Gifts for seafarers

Published December 1, 2007

Robert Louis Stevenson wrote a very poignant poem about a sailor at sea battling the wind and weather as the ship fought its way out of a deep bay on Christmas day. The pathos of this poem, Christmas At Sea, is in the fact that on the headland below which the ship is battling is the house where the sailor was born and where his parents are at that time celebrating Christmas. For most of the seafarers of the world, Christmas is another day of work far from home. Those fortunate enough to be in port might be able to phone home. Some ships have satellite phone capability for calls from sea to home but it is costly; many seafarers end up feeling lonely.

The Mission to Seafarers in Halifax has traditionally put together Christmas shoebox gifts for each seafarer on board the ships visiting Halifax from December to just after Epiphany. These gifts of toiletries, socks, toques, gloves, scarves, and stationery are received with great appreciation. In recent years the Gideons have supplied New Testaments for the boxes. Church groups, families, individuals, retired seafarers, and office groups contribute these gifts that we are able to give about 1,800 seafarers a year.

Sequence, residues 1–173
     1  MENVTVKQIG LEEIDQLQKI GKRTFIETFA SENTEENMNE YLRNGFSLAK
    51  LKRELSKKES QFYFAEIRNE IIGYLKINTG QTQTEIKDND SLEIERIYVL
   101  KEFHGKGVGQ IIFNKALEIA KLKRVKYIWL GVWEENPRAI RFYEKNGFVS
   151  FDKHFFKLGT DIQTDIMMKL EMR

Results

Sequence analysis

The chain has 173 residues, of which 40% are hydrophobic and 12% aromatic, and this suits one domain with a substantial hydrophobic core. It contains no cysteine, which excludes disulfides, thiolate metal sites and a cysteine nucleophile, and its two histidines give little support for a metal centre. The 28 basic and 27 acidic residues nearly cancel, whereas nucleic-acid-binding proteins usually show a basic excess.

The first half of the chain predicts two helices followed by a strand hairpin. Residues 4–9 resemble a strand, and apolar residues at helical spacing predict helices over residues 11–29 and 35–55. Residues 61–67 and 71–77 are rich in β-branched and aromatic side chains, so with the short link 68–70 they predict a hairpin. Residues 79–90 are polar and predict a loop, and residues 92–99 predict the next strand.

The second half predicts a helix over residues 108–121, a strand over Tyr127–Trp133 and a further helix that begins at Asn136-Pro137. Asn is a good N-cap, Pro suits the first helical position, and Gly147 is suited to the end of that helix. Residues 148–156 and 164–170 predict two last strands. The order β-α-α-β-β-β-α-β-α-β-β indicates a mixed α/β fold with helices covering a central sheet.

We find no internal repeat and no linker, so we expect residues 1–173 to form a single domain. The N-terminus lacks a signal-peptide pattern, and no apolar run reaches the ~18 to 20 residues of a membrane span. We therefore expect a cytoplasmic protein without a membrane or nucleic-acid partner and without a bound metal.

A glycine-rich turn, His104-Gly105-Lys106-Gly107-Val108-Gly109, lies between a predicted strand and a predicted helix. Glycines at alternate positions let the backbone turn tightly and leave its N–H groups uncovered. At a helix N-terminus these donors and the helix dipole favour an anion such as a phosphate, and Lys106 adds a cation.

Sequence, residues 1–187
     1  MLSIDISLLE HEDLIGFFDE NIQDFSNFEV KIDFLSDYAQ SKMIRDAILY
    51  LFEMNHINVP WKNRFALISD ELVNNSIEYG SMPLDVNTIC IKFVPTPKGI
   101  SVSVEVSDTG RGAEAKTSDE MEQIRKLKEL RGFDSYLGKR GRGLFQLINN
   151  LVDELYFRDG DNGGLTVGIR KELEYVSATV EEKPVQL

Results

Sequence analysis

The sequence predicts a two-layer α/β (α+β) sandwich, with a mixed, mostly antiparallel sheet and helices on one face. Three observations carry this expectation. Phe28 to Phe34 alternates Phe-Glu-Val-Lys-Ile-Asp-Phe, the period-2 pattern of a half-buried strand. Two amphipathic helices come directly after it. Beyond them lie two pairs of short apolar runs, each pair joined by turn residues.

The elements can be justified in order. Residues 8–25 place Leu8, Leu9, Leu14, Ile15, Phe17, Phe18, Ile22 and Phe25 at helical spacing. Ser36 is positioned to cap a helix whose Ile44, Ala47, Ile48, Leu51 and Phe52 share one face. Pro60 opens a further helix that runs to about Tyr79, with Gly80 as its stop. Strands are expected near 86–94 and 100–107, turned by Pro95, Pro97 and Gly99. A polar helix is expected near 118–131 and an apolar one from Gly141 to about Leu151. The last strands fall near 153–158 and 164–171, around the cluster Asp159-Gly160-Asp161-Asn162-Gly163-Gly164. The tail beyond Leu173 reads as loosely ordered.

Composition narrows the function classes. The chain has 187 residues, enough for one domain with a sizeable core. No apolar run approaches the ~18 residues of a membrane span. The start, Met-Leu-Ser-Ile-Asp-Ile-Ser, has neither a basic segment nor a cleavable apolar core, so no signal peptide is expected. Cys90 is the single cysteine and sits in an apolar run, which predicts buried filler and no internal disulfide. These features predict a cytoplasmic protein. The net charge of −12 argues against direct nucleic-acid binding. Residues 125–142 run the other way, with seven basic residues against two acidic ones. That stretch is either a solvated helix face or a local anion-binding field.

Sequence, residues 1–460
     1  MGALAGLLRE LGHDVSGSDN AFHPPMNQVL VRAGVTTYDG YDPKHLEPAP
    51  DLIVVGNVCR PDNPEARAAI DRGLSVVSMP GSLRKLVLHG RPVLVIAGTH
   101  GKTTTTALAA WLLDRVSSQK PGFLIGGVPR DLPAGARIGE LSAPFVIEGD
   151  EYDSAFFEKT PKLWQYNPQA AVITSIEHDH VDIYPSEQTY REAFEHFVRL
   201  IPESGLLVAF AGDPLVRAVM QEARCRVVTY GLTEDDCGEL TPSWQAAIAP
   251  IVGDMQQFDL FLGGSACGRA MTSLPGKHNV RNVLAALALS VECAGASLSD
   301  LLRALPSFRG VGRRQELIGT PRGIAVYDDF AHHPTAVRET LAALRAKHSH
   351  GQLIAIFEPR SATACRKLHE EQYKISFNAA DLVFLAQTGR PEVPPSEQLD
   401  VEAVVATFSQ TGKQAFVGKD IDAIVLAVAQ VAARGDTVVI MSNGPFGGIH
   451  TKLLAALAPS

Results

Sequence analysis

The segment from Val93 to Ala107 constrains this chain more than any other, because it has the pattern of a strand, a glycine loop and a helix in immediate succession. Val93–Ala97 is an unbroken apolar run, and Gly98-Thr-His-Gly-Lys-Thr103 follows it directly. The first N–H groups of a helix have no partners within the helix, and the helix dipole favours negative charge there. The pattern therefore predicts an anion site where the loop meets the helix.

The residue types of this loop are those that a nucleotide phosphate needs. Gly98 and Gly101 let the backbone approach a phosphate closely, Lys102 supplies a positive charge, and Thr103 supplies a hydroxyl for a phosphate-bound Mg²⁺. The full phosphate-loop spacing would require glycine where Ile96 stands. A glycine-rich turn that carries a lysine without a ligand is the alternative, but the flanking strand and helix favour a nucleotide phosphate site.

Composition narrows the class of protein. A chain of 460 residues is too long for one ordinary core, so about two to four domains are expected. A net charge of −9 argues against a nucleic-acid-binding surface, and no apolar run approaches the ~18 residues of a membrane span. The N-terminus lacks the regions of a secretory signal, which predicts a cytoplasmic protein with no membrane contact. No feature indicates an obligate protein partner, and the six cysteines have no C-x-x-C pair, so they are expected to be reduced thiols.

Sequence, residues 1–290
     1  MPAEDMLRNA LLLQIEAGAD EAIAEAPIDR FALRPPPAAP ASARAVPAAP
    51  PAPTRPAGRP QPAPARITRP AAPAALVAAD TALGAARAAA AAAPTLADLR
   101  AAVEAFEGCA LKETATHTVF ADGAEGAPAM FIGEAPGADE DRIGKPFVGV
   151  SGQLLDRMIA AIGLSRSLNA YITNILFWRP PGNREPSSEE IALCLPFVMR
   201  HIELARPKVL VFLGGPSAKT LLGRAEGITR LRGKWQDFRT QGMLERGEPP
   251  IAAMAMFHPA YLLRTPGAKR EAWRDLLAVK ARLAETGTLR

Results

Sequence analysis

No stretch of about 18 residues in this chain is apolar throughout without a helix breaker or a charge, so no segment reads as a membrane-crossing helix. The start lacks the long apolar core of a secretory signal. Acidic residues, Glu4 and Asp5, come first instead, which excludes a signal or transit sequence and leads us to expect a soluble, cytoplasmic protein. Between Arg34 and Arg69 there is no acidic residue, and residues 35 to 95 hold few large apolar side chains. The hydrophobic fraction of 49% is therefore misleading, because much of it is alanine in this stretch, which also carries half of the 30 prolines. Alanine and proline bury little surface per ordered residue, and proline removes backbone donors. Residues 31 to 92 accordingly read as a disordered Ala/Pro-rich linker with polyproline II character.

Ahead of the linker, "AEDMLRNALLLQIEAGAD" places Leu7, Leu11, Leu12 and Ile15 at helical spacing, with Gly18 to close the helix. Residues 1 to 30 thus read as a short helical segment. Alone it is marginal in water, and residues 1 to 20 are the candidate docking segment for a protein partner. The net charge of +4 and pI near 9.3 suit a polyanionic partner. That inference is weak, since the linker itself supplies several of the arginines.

Chaplain Donald Lawton
Mission to Seafarers


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